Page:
IBM chairman and CEO Louis Gerstner addressed analysts last week and praised the company's decision to exit the switching and routing business. Gerstner tempered that statement with the frank admission that IBM's business screeched to a halt late last year because of customers' Y2K-related purchasing delays, but he promised IBM is ready to roar back this year with an e-business focus.
Gerstner said that selling off the firm's networking hardware business last year to Cisco Systems is "paying off big time". He claims the deal means a lot of money to IBM in terms of OEM sales, and services provided to Cisco customers.
Gerstner also praised two other strategic retreats that affected short-term revenue but will make IBM's portfolio a profitable one in the long term. One is the sale of the IBM Global Network to AT&T; the other is the move to ease out of the dynamic random access memory (DRAM) chip market in favour of selling more complex and profitable semiconductors.
While the $US30 billion IBM Global Services division saw a growth slowdown last quarter (a flat $7.6 billion in revenue), that is just a "blip" in a strong seven-year track record, noted Gerstner. "Services is the best part of the IT industry," he said. He closed by telling analysts he still felt "very good about this year . . . we are now ready to exploit this e-business opportunity that we have been investing very heavily in over the last few years."
Gerstner acknowledged that IBM was late with its 10,000-rpm hard-disk drive and that the company has seen a decline in its PC business, though the latter development was expected.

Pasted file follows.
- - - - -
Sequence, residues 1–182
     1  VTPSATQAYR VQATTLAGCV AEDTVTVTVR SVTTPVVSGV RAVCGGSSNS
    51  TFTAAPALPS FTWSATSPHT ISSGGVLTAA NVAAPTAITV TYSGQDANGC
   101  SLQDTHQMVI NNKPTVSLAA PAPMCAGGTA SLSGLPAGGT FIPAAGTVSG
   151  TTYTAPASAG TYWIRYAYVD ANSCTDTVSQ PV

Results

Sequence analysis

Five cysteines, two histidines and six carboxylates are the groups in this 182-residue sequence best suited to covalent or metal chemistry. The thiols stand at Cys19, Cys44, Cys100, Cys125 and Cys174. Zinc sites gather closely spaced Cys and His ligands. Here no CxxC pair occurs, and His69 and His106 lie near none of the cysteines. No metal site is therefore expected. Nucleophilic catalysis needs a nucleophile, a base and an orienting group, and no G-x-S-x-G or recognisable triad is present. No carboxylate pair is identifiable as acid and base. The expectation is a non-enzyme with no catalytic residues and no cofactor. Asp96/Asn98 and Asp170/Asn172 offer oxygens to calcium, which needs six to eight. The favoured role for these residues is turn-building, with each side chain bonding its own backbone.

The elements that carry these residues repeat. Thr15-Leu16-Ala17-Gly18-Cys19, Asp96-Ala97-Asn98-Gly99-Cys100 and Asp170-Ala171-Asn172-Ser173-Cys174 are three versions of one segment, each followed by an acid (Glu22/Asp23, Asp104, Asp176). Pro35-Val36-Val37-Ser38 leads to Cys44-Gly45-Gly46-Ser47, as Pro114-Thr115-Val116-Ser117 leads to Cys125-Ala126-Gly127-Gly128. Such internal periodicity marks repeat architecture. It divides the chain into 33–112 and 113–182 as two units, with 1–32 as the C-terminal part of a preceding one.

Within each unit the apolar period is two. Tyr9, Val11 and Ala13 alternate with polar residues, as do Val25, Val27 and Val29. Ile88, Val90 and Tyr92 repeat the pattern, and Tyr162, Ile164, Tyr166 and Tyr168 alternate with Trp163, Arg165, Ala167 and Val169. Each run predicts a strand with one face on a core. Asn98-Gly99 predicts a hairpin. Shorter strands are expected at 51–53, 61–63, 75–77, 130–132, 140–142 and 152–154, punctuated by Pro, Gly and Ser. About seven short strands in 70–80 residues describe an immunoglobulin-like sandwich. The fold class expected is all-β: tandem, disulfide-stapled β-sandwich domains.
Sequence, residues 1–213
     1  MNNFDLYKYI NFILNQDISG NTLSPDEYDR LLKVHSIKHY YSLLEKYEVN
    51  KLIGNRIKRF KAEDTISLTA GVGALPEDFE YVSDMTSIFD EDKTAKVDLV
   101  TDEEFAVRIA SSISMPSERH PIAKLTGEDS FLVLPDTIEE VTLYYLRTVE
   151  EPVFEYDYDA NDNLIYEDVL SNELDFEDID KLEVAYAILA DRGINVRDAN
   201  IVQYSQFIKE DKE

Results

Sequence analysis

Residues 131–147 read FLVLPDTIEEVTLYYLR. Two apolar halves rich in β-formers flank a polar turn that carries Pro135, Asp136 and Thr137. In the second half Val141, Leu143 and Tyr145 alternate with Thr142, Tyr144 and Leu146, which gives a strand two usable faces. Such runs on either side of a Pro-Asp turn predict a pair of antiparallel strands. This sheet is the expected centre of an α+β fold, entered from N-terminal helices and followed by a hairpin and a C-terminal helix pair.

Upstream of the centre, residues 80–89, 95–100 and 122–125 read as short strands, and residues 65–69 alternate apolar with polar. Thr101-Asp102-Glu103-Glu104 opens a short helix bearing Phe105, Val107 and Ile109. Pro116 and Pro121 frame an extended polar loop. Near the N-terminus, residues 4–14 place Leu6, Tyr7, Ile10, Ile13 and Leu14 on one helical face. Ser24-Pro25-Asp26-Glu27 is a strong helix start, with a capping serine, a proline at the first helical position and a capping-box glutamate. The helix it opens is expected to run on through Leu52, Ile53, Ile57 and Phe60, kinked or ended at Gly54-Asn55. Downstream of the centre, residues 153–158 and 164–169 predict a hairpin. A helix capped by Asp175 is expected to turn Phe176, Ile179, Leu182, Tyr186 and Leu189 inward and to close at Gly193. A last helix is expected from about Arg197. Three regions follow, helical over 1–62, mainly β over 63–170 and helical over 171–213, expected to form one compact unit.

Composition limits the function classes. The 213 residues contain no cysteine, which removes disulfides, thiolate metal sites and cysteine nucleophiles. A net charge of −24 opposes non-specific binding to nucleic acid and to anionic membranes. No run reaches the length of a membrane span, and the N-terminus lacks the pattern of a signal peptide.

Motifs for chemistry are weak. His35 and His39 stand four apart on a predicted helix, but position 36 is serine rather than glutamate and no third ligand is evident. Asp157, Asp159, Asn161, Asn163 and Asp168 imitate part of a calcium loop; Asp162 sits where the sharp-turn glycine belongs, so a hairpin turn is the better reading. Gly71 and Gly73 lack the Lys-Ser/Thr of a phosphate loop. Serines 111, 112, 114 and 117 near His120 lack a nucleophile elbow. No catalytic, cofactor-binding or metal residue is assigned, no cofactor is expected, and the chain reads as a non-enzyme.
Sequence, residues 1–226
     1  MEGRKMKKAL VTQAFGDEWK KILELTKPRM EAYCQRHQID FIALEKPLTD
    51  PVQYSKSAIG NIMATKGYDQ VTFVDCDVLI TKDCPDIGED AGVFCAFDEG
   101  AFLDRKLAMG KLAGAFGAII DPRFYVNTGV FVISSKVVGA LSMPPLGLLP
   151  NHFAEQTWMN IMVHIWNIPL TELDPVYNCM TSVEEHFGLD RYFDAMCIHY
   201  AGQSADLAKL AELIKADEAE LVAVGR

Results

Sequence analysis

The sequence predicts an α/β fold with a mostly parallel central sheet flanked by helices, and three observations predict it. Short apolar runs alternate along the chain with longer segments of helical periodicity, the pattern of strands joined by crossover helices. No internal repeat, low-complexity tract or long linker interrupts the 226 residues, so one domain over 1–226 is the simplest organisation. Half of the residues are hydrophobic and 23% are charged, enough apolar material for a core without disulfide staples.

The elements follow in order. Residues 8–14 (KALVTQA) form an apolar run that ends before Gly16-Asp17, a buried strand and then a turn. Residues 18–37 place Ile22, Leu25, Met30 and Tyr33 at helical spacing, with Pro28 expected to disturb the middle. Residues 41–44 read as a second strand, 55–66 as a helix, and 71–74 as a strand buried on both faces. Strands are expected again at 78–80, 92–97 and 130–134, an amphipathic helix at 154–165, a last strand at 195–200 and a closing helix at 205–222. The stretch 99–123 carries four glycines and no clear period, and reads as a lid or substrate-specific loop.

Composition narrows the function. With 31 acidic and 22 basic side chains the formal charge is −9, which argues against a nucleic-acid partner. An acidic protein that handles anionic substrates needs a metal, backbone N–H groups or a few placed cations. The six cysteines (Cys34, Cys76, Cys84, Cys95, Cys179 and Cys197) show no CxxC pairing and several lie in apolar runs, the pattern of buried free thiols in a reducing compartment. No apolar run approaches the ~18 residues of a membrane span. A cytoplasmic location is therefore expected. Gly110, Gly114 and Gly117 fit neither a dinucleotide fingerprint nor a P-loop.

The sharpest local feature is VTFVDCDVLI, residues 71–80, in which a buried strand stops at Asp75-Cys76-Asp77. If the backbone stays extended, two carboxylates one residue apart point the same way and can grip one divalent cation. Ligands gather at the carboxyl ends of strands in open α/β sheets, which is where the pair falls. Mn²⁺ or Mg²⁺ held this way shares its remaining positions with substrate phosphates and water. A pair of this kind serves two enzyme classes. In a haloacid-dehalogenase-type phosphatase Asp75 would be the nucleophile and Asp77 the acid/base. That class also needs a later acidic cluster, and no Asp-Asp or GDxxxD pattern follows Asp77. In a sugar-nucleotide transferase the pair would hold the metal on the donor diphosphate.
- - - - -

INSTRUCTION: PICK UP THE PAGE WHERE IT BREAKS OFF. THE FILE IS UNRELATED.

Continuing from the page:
However, Y2k proved to be the biggest blow to IBM over the past two quarters. "We should have seen it," said Gerstner, whose remarks were posted on IBM's Web site last week. "We predicted it, everybody predicted it, but nobody expected it to be so concentrated."
He touted e-business as the engine that would fuel future growth for the company. "e-business is shifting the workload from PCs into the computing and communications infrastructure," he said. "The demands and requirements already being placed on the infrastructure are enormous, and they're only beginning. They will increase exponentially."
He continued by stating that IBM's e-business infrastructure will be open, not proprietary, and that "generic" Web servers won't be able to handle the information load or complexity of such an infrastructure.
"In the world of e-business, more than anything else, the integration process is moving to an area called middleware," Gerstner said. "The once prosaic, unpopular middleware layer of software - databases, messaging, groupware, transactions and systems management - for all intents and purposes is the layer software developers are writing today - not the machine-level code, not the operating system - it's middleware."